Another chapter in the saga that is the 2022-23 growing season in Argentina -- rain? After months of receiving no or disappointing amounts of rainfall in the country, models are pointing toward more beneficial rainfall to close out the month of January.
As noted in last week's blog (https://www.dtnpf.com/…), models had some chance for spotty showers this week but were a bit optimistic during the last full week of the month. Considering that is now next week, models can be a little more trustworthy.
A series of three fronts will move through during the next 10 days across the country's primary growing region, the Pampas -- an area that encompasses all or parts of the states of La Pampa, Buenos Aires, Santa Fe, Entre Rios and Cordoba.
Together, the Pampas produces roughly 80% of corn and soybeans in the country. Each of these fronts are forecast to receive roughly 25 to 50 millimeters (roughly 1 to 2 inches) of rain, though not all in the same areas. Together, the three fronts are forecast to produce roughly 50 to 100 mm (2 to 4 inches) of rain at a time when both corn and soybeans are in dire need.
A report released by the Buenos Aires Grain Exchange (BAGE) on Jan. 19 indicated that good ratings fell again for both corn and soybeans, now sitting at an abysmal 5% and 3%, respectively. What is worse is that the poor ratings have grown to 60% for soybeans, and remained at 47% for corn, both incredibly high numbers.
Some of the later-planted crops are still able to use the incoming precipitation. That would include most of the soybeans, which according to BAGE have not hit pod filling in a meaningful way yet, and only 36% of the crop has started blooming. It would also mean most of the second-phase corn that was planted since early December. This phase of corn planting accounts for about 60% of the total corn crop and is only starting to tassel at 9%. Though some damage and yield limitation has already been done, there is more of the crop that can make use of the incoming rain.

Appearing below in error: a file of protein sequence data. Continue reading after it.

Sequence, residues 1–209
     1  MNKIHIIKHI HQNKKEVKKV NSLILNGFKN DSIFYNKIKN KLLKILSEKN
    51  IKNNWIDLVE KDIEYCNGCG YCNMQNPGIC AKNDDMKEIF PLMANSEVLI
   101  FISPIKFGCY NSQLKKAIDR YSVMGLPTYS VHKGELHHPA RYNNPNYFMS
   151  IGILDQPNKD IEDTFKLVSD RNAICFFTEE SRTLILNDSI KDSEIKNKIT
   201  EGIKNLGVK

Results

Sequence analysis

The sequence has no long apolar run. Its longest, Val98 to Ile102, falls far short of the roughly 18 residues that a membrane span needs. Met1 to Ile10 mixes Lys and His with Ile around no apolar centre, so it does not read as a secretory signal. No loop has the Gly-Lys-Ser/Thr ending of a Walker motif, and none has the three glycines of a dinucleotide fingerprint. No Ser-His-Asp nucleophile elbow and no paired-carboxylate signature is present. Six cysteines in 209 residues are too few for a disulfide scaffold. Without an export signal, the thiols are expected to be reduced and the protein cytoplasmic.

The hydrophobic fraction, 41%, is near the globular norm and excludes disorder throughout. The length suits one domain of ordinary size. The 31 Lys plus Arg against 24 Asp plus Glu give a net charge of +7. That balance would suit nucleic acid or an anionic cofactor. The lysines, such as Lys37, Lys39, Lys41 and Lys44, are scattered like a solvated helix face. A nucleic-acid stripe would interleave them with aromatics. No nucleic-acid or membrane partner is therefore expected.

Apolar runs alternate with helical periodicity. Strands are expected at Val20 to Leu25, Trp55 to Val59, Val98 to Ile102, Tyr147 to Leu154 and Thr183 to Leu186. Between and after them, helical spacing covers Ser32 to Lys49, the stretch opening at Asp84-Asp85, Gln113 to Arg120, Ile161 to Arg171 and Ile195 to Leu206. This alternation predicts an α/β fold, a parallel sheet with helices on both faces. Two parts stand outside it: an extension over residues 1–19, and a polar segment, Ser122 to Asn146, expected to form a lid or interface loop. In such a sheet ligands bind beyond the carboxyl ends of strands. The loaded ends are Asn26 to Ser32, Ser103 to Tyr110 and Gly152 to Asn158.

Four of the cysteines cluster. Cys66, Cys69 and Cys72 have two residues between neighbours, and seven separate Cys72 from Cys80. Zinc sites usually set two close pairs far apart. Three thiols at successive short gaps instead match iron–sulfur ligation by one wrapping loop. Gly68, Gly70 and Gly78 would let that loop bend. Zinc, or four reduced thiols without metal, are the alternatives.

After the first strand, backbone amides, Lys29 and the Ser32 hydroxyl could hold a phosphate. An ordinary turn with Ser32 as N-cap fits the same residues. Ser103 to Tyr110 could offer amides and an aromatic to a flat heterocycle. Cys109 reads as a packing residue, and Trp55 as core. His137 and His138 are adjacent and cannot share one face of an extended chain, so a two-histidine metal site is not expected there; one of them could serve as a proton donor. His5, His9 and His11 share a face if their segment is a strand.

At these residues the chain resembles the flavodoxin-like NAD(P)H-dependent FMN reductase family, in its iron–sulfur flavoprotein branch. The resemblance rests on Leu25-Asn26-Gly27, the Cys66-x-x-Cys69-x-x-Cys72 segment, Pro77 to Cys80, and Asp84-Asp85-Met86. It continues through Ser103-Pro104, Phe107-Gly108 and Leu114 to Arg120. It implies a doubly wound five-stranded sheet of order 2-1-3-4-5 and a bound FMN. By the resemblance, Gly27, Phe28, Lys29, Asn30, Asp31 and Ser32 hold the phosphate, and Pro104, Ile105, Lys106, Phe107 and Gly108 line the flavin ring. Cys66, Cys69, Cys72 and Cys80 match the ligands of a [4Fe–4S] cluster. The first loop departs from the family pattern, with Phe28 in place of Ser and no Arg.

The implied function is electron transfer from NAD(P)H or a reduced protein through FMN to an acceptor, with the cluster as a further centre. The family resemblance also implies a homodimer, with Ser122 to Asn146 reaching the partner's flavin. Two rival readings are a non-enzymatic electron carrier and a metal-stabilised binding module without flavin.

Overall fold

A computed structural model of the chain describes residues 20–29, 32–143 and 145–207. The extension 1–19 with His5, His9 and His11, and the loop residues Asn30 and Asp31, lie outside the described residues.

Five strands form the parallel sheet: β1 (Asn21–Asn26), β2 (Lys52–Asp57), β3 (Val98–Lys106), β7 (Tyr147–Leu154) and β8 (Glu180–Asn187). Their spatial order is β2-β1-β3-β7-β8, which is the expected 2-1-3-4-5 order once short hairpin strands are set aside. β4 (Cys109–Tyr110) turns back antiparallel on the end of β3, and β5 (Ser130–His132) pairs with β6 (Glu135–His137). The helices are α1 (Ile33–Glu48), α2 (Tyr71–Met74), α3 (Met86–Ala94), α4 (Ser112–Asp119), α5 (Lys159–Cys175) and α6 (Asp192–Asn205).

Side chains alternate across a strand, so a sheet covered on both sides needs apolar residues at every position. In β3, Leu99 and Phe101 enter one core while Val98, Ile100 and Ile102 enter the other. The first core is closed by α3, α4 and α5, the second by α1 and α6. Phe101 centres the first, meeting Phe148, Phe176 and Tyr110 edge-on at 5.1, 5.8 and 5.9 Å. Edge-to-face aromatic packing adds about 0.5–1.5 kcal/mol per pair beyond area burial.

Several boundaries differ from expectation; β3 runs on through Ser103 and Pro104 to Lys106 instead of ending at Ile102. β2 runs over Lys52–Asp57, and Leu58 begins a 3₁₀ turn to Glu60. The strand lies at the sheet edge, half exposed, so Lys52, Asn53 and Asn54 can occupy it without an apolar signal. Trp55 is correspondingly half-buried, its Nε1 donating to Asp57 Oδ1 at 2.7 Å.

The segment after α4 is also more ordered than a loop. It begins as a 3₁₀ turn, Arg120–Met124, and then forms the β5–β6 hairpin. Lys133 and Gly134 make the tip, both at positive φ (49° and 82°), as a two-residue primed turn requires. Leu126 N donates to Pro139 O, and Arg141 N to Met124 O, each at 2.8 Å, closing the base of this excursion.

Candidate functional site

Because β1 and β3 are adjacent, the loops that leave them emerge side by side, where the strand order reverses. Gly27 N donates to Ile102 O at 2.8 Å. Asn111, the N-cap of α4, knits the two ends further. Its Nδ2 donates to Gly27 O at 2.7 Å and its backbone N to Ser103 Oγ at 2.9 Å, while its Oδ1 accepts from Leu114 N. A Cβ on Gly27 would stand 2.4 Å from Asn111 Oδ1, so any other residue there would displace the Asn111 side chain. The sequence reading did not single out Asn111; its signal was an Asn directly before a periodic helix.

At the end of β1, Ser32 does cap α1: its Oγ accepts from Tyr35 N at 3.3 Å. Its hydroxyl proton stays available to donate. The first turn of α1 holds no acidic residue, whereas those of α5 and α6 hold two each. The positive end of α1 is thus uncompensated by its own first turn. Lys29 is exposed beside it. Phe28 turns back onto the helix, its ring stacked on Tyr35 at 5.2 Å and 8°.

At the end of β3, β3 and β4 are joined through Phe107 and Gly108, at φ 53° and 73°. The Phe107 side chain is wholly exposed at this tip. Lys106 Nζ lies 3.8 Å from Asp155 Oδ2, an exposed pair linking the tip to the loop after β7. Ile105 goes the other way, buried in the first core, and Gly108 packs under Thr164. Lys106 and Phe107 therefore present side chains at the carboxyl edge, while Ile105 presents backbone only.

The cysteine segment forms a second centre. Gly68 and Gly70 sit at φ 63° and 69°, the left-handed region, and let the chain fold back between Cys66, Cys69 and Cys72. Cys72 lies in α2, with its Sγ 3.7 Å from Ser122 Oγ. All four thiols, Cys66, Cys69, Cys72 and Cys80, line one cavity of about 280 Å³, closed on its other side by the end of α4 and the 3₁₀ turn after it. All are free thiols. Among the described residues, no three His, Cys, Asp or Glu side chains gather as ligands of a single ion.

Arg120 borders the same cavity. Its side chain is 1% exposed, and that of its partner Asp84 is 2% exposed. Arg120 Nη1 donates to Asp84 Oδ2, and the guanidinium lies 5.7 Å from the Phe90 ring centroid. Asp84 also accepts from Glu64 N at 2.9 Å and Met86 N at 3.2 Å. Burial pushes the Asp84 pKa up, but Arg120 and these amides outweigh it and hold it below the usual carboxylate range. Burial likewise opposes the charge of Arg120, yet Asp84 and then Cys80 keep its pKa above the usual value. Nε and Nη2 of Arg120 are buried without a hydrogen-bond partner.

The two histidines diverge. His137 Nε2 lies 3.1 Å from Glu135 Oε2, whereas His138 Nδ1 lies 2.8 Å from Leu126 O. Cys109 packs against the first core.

It is with the first-phase corn planting where this rain will likely have little to no impact. Due to limited planting in September and October, only 75% of the intended acreage was planted during that time, according to BAGE. Over 60% of that crop has reached the fill stage and some of it is reaching maturity. All the rain can do is stabilize the crop and keep yields from declining further.
The rain would still be able to help a good portion of the crop. The question is, will the rains come as forecast? All season, when models have forecast fronts to move through with good precipitation, the results have disappointed. Models can overestimate the amount of moisture available to create precipitation during droughts, as has been the case for Argentina this year.
Still, even if the rains come in with half of their forecast punch, the region looks at some pretty decent rains during the next 10 days. But, with drought incredibly deep and soil moisture nearly exhausted, it seems difficult to reason that even the rain as forecast would produce lasting improvements in crop condition. That is, unless it is followed by additional rains.
Longer-range versions of both the American and European models suggest some more decent rains could come in during the first half of February. Should those rains turn out as well, we could see at least some stabilization if not improvement in the crop conditions. But, with so much of the crop in dire straits, that may prove difficult to do even if the weather improves.
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John Baranick can be reached at firstname.lastname@example.org
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